A Quick and Simple Guide to Calculate Your Take Home Pay



Your take-home pay is a critical number to know when building a financial plan. It tells you how much money you clear on each paycheck after taxes and deductions. If you’re a salaried employee, who gets paid every two weeks, you might be wondering how to calculate your monthly take-home pay.


To calculate your monthly take-home pay, use a recent paystub to find your net-pay, which is equal to your gross pay minus any deductions such as taxes, health insurance premiums, or contributions to a workplace retirement plan. Then take your net-pay and multiply it by 26 and then divide that number by 12 to arrive at your monthly take-home pay.


In this post, I’ll provide a step by step approach to calculate your monthly take-home pay with examples and why knowing your take-home pay is vital to building your financial plan.


How to calculate your monthly take-home pay as a salaried employee

Salaried employees can calculate their monthly take-home pay using a simple 4-step process.

  1. Grab your most recent paystub.

  2. Identify your net pay per paycheck.

  3. Convert your net pay per check into monthly take-home pay


Step 1: Grab your most recent paystub.


If you are a salaried employee or receive an hourly wage with consistent hours, calculating your take-home pay is simple. Grab your most recent paystub. It should look something like this.

Your net pay is how much you take home each paycheck after taxes and other deductions come off your gross pay


The above paystub is an example of what a salaried employee making $65,000 per year might look like.


Step 2: Identify your net pay per paycheck.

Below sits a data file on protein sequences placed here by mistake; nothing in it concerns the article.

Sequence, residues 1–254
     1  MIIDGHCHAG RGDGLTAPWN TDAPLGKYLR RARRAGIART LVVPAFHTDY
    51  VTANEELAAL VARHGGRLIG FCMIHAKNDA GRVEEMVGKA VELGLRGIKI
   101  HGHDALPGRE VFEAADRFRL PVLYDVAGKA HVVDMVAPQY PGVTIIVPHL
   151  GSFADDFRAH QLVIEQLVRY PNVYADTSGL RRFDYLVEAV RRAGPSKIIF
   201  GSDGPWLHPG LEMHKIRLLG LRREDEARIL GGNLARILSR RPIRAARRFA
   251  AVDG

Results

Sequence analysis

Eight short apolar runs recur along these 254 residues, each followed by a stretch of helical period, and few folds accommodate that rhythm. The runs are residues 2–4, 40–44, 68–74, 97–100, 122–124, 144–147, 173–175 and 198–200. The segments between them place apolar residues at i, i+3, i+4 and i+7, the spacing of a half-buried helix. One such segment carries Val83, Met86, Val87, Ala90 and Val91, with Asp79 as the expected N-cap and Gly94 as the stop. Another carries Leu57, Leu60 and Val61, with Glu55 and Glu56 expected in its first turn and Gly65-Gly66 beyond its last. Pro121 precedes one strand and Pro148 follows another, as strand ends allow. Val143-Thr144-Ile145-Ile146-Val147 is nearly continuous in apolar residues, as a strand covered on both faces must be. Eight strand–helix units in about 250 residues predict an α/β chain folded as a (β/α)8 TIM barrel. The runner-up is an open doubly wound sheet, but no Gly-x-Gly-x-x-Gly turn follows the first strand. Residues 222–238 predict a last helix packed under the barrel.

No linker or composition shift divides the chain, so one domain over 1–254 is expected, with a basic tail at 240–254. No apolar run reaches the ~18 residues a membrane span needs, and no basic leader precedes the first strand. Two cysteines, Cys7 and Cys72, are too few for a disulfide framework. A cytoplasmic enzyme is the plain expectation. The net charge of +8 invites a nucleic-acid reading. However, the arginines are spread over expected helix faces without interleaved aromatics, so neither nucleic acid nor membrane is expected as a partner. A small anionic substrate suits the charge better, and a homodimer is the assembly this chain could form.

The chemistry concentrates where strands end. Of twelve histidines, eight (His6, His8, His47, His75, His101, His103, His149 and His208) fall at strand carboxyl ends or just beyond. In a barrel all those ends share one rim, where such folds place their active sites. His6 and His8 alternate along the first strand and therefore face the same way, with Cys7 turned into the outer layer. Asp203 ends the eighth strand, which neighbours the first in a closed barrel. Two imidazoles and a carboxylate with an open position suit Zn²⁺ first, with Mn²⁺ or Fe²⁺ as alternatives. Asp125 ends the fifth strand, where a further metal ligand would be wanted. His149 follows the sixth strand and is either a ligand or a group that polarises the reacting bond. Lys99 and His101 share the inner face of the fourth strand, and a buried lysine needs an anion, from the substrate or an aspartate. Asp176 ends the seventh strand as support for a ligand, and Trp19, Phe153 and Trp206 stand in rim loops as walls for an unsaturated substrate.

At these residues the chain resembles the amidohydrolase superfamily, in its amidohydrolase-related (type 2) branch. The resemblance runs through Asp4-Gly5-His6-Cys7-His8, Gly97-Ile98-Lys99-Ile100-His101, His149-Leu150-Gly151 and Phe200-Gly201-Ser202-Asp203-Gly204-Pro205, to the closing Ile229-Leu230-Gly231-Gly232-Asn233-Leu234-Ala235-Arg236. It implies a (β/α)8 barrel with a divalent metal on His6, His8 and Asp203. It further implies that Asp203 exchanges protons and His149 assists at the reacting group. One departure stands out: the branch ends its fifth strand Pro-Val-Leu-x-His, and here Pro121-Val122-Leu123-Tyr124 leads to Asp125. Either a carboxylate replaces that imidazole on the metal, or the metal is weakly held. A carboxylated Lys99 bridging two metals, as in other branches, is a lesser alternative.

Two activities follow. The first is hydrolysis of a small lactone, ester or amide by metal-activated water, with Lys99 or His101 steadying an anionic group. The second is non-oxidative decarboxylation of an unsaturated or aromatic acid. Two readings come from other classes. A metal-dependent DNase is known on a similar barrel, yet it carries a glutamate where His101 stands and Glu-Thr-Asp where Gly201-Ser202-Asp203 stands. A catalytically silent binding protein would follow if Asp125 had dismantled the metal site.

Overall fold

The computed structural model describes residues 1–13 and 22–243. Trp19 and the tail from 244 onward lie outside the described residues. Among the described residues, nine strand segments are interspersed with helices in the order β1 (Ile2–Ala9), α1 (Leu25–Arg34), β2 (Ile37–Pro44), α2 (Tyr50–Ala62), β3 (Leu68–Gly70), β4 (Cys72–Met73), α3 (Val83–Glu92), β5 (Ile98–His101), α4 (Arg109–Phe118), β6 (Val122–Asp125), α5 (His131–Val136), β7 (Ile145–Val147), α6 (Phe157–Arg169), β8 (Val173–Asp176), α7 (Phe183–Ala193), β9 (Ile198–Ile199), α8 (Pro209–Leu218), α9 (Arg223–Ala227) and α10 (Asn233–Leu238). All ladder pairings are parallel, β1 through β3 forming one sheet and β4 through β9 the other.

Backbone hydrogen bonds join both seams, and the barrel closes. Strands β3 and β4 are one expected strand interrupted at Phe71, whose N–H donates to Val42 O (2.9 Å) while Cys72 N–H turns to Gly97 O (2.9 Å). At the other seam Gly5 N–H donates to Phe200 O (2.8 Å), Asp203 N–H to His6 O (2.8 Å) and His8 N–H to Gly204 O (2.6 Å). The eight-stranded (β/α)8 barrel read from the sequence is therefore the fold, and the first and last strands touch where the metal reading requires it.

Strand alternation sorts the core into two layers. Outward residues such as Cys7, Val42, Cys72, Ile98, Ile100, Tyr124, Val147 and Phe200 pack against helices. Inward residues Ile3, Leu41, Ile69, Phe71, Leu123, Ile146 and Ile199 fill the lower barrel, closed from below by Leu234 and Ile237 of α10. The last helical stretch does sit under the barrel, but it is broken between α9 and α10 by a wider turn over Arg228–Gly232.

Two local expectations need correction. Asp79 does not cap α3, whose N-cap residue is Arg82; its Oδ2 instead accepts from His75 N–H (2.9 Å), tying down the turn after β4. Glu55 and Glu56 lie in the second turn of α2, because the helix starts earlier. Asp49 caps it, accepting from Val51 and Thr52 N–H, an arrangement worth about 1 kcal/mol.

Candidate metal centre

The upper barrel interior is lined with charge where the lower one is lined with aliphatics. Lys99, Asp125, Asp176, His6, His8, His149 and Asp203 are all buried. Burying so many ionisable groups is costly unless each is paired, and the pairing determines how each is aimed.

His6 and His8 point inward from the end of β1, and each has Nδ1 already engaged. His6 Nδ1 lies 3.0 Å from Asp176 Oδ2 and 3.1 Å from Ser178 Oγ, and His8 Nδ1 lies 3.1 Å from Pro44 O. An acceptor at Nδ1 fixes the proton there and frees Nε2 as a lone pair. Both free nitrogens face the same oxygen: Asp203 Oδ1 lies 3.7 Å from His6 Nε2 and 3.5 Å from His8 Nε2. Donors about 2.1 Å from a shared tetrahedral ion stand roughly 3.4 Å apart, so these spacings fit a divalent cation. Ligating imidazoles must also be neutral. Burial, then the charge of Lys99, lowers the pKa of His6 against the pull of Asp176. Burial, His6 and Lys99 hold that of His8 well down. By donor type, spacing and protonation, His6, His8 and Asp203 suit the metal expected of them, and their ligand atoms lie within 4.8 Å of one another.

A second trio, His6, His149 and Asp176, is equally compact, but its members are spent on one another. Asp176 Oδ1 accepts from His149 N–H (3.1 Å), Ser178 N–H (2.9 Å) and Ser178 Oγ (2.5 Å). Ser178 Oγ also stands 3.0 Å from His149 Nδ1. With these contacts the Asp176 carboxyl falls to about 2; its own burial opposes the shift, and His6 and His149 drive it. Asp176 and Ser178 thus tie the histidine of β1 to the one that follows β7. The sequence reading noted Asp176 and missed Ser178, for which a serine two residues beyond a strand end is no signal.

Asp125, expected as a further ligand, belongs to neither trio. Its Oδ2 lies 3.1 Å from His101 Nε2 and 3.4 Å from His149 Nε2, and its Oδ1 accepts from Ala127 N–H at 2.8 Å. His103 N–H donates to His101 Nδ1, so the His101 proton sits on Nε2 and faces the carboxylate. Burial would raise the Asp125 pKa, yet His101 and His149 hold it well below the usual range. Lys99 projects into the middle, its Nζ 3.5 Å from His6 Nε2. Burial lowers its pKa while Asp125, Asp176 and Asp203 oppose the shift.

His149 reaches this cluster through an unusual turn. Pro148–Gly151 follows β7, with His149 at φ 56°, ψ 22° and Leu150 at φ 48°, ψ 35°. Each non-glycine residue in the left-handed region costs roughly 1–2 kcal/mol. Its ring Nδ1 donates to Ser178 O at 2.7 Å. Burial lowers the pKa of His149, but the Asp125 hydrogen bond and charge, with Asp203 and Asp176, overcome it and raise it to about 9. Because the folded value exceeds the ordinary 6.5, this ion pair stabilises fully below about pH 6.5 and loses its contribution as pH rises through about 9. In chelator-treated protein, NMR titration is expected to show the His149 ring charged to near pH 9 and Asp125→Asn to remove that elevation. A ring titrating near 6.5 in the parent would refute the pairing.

You’ll notice three totals at the bottom of this paystub.

  1. Gross pay is calculated by taking your annual salary and dividing it by the number of pay periods per year.

  2. Deductions such as taxes, medical deductions, and employee pension contributions and social security deductions.

  3. Net pay which is equal to gross pay minus deductions.

In this example, the gross pay is $2,500 ($65,000 ÷ 26), and $824 of taxes and deductions are taken off that paystub, leaving a net pay of $1,676 each paycheck as highlighted in the yellow box.


Step 3: Turn your net pay per check into monthly take-home pay.

  • Most salaried employees get paid every two weeks.

  • That means you receive 26 paychecks per year.

  • Therefore your monthly take-home pay= net pay per check x 26 divided by 12

  • Using the above paystub as an example, monthly take-home pay= ($1,676 x 26) divided by 12, which is equal to $3,631.

  • The monthly take-home pay for this hypothetical person making a $65,000 per year is $3,631.

If you were paid weekly, you would follow the same process, except instead of having 26 pay periods, you would have 52.


Remember this simple formula: Monthly take-home pay= (Net pay per paycheck x number of pay periods per year) ÷ 12.


Using monthly take-home pay to calculate your savings rate

The most important variable in personal finance is your savings rate. Your savings rate tells you how much of your take-home pay you are saving each month relative to your take-home pay.